The Rootstown High School math teacher charged with sexual imposition and physical assault in April has been suspended without pay or benefits, as the Board of Education works to finalize the termination of his contract.
On Monday, the board held a special meeting to discuss Christopher DiBattista’s employment, and after a 20-minute executive session, voted in favor of Superintendent Andrew Hawkins’ recommendation to suspend DiBattista without pay. Board member Eric Kline was not present. The board did not publicly discuss the matter.
DiBattista, 40, of Garrettsville, was charged on April 25 with three counts of misdemeanor sexual imposition and one count of assault involving three students. He has been on paid administrative leave since March 19.
DiBattista taught Integrated Math 3, Probability and Statistics, History of Mathematics and Honors Integrated Math 3, and was also the senior class adviser and adviser of Quiz Bowl. A long-term substitute has been in place since April 16, and other staff members have taken over his advising roles.
The allegations against DiBattista include laying his head in the lap of a 17-year-old student on March 5; and between Aug. 28, 2018 and March 19, 2019, punching the same student in the arm, touching a then-16-year-old’s thigh with his hand and “spooning” with another 17-year-old student, according to court documents.
His arraignment is scheduled for Thursday in Portage County Municipal Court in Ravenna.
The resolution passed by the board lists those allegations, and additionally lists allegations that he “rubbed the shoulders and upper arms of students, laid on top of a student who was laying on a classroom heater, and hugged and initiated horseplay with students in a manner that made them uncomfortable.”
Hawkins declined to comment on whether the district has conducted a separate, internal investigation.
In that same school year, DiBattista “discussed sexting with students in an approving manner, requested permission to ‘cuddle’ a student, when a student objected to his conduct DiBattista stated that the principal would believe him instead of the student and asked if touching made a student uncomfortable,” according to the resolution.
The resolution goes on to state that on May 3, Hawkins gave DiBattista written notice that he was considering recommending that the board terminate DiBattista’s employment contract. On May 8, Hawkins met with DiBattista and his representative and provided DiBattista written notice that he would make the recommendation to terminate employment.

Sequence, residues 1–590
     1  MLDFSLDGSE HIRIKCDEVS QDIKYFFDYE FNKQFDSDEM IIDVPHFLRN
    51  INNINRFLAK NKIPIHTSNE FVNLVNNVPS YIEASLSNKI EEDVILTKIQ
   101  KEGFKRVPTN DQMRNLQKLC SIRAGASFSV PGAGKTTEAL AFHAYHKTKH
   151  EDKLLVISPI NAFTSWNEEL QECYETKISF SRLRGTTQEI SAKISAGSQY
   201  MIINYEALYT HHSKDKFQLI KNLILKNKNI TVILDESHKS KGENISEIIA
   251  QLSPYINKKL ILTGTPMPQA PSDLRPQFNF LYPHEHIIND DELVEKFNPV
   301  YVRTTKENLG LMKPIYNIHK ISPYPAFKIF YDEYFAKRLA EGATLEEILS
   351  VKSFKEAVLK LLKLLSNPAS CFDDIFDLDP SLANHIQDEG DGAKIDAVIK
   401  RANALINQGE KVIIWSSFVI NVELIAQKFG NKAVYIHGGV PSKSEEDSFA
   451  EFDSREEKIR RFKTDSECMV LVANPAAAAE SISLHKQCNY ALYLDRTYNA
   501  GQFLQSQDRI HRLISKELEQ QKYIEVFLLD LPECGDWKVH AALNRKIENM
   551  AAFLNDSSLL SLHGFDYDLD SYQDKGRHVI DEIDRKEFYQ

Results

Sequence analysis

As per the resolution, district Treasurer Connie Baldwin will provide DiBattista with a written notice of the board’s intention to consider his termination. Hawkins stated that pursuant to the Ohio Revised Code, DiBattista has a right to request a hearing and has a right that the hearing not occur during the summer, therefore the termination may not be finalized until school resumes in the fall.
According to district documents obtained by the Record-Courier, Hawkins sent DiBattista a letter on March 19 stating that DiBattista would be reassigned to his home and must be available to perform work there, if requested.
“Pending the completion of an investigation, I have concluded it is in the best interest of all concerned that you be reassigned to your home,” Hawkins wrote.
The letter also requests “that you refrain from entering school property during this investigation [and ... this action] does not constitute a disciplinary action or determination of wrongdoing on your part. At this time, the district considers this a private matter.”
That reassignment was effective immediately and did not affect his salary or benefits.
“Once we were notified of it, we put things in motion as far as putting the teacher on leave immediately and getting law enforcement involved,” Hawkins previously stated. He declined to comment on who notified the district.
In addition to the March 19 letter, DiBattista’s personnel file contained another letter placing him on paid administrative leave on April 20 and April 23, 2012. During those days, he was again assigned to work from home as “part of a standard investigatory procedure and does not constitute a disciplinary action or determination of wrongdoing on your part.” The file does not indicate a reason for the temporary reassignment.
He also has a reprimand from 2011 for “unprofessional behavior.”
Reporter Krista S. Kano can be reached at 330-541-9416, email@example.com or on Twitter @KristaKanoRCedu.